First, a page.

Set in 657AD, moving between Hartlepool and Whitby, and drawing on Old English, modern English and Northumbrian dialect, Bob Beagrie’s new epic poem, Leásungspell, takes readers on a historical, geographical and literary journey. Reviewer Jamie McKinstry enjoyed the voyage.
A fool sees not the same tree that a wise man sees
This quotation from William Blake prefaces Part Four of Bob Beagrie’s magnificent Leásungspell, which was recently performed at Durham Book Festival. Bob Beagrie is a poet, playright, and senior lecturer in Creative Writing at Teesside University. He has published six collections of poetry, including The Seer Sung Husband and Sampo: Heading Further North.
Leásungspell is a new epic poem which tells the tale of Oswin, a monk from the monastery of Herutea (Hartlepool) travelling to Streonshalh (Whitby), carrying secret letters from the Abbess Hild. This is not an easy journey and he must cross many challenging landscapes and wildernesses. We are not, however, just following a straightforward epic journey of an individual’s struggle against nature. Far from it. Leásungspell also depicts a series of dreamscapes and digressions which then develop into further stories before returning to the journey itself. This is a twisting, turning, sometimes disconcerting, but always beguiling, tale of a journey through a strange world of mystery and mysticism.
The above quotation from Blake is appropriate as this is not strictly an epic poem. By Beagrie’s own admission, the work is deliberately set up as a mock-epic poem or a ‘fool’s yarn’. Yes, Oswin is on an important journey – but actually who is he? He is really just an anonymous figure journeying through a challenging landscape but who feels compelled to share his experiences. In this respect the work has strong similarities with Old English works such as The Wanderer and The Seafarer which, although much shorter than Beagrie’s piece (and certainly not ‘fool’s yarns’), also depict anonymous individuals battling with the elements, hoping to reach their desired destination.
The comparison with medieval works is entirely appropriate given the languages in which Leásungspell is written. Beagrie has composed his piece in a completely original mixture of Old English, Modern English, and Northumbrian dialect. However, that is perhaps too simplistic a description. These languages are not used in separate parts of the poem; instead, they are combined in a totally new form of poetic expression where in one stanza, or more often than not in the course of one line, we are treated to a mixture of all three. This might sound a little confusing, but such is the skill with which Beagrie has created his piece, all three languages work together very organically, creating a tapestry of sound and meaning. The following is a prime example, taken from the second part of the poem:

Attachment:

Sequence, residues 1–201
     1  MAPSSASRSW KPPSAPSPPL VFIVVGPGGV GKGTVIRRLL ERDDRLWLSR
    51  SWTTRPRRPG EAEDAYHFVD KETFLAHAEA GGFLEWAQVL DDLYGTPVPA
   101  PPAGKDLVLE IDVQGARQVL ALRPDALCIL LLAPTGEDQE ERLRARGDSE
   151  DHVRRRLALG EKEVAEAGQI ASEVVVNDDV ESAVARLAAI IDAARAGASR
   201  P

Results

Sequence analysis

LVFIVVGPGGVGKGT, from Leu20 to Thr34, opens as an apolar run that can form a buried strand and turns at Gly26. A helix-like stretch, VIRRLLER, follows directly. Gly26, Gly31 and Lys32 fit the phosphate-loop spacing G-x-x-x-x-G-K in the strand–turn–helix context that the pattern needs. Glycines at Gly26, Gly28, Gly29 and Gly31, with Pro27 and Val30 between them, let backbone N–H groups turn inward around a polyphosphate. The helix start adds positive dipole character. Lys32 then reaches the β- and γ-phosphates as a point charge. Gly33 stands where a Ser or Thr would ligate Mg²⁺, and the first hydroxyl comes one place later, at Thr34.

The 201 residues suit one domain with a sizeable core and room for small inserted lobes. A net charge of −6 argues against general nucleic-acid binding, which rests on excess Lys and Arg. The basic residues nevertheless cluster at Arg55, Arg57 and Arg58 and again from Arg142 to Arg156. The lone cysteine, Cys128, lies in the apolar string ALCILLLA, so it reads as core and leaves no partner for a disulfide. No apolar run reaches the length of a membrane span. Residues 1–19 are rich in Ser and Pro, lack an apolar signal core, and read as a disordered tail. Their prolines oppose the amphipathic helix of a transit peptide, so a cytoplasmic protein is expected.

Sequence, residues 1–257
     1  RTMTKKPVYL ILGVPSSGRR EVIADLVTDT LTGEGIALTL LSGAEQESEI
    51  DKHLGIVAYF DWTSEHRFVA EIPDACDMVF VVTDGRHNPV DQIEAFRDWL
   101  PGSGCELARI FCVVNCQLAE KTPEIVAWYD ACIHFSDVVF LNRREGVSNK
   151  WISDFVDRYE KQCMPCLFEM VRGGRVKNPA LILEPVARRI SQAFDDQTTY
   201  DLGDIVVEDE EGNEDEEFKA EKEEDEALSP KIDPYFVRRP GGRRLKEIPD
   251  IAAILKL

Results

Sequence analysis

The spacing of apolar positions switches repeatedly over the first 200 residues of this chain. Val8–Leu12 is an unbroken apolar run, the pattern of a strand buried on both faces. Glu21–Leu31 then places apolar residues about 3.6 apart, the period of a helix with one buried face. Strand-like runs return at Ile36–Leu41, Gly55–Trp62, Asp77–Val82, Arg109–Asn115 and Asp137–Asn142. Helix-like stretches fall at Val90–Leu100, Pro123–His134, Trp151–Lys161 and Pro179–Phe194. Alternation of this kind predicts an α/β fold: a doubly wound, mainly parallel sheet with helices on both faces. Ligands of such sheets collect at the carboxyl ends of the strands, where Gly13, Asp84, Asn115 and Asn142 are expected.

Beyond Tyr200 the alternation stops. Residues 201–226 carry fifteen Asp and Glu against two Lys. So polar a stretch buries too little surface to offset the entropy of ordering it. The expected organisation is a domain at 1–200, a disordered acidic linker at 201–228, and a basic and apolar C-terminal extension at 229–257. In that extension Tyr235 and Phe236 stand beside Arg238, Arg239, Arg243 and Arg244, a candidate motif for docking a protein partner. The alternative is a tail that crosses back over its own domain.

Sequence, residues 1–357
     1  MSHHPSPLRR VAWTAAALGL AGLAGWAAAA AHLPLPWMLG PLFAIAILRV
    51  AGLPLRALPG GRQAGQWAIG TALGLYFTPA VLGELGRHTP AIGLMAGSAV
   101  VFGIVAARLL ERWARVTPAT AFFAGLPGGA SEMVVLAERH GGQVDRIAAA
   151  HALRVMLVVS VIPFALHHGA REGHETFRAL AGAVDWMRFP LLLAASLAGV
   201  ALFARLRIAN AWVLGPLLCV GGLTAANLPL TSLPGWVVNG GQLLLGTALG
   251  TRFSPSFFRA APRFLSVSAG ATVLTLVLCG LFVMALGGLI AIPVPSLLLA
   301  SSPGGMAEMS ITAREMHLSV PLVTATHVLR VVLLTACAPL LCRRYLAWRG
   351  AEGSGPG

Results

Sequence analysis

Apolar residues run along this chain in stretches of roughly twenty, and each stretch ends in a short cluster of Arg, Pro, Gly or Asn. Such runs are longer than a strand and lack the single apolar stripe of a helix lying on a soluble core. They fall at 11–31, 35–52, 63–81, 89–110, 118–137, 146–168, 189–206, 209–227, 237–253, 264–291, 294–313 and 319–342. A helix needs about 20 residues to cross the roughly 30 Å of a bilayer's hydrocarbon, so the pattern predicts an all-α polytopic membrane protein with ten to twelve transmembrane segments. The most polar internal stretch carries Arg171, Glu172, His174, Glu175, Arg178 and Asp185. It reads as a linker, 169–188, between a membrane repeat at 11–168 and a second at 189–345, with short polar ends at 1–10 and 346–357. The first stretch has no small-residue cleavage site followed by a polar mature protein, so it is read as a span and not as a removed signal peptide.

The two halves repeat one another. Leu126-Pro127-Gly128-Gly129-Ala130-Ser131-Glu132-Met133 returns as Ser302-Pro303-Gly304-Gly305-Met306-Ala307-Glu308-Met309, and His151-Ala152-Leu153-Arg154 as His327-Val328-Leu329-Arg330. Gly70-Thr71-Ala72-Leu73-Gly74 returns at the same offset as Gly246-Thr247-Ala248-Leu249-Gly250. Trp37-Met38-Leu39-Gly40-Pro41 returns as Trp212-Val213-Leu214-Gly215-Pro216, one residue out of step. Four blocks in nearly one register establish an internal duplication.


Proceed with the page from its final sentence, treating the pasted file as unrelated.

An’ oft hæfd I stod up on the strand, eyes strainen te see
yond the narroew paþ hwær swegle an’ brimflod mæte,
myndan the fyrst of wor Weras wið sælt-pitted brues
te sayil the cæld dræd deops, gelic Soemil an’ Sigegar,
draggen thor warscips up on te þese sandes an’ pebblestans.
At first glance this passage might appear totally unintelligible, with perhaps only medieval scholars being able to identify some Old English words, identifiable by the use of specifically medieval letters. However, if we look closely, we see that some familiarity does emerge. The line ‘eyes strainin te see’ is clear enough and the final word ‘pebblestans’ does not take too much of a leap to understand it as ‘pebblestones’. But this is not the way to read Beagrie’s work. This is a poem that demands to be heard. Indeed, this is a performance poem.
Hence if the above passage is read aloud, we see that the full meaning will emerge – words such as ‘warscips’ suddenly become clearer (as ‘warships’, ‘sc’ being pronounced as ‘sh’ in Old English). Now, using that as an example, some might say that one still needs some level of understanding of, specifically, medieval literature in order to fully comprehend the piece. Perhaps a prime example comes with the line ‘te mi sufferen wif Æmma’ which means ‘to my suffering wife Emma’.
This is not a problem, however, given Beagrie’s marvellous performances of the poem himself in which he clears up any such mysteries and possible misunderstandings through his own masterful pronunciations of the medieval, modern, and Northumbrian. As mentioned above, Beagrie showcased his performance skills at a sold-out Durham Book Festival event, but full renditions are also available online where one can get a real sense of how this mock epic all comes together as a coherent and also beguiling piece.
Beagrie’s words are only one aspect of the poem, however. This, as I say, is a performance poem and the piece’s lines are enhanced by a combination of music and voice. Instruments are introduced at key points in the tale, to emphasise certain aspects or to create atmosphere. These additions are combined with singers’ voices who either perform on their own, offering interludes in the poem, or form the background to Beagrie’s lines. The overall effect is initially a little alarming, but once one settles back and the full force of the performance sinks in, it becomes a very mystical and almost metaphysical experience.
This is perhaps one of the most unusual and original works I have encountered in recent years and exemplifies Beagrie’s skills as both a poet and a scholar. I can think of no better way to end than by quoting a line from Robert Graves which Beagrie places at the very beginning of the poem: ‘Cunning and art he did not lack’. Having let the full effect of Beagrie’s Leásungspell take me on this mystical journey, I think that just about encapsulates this poet’s talents.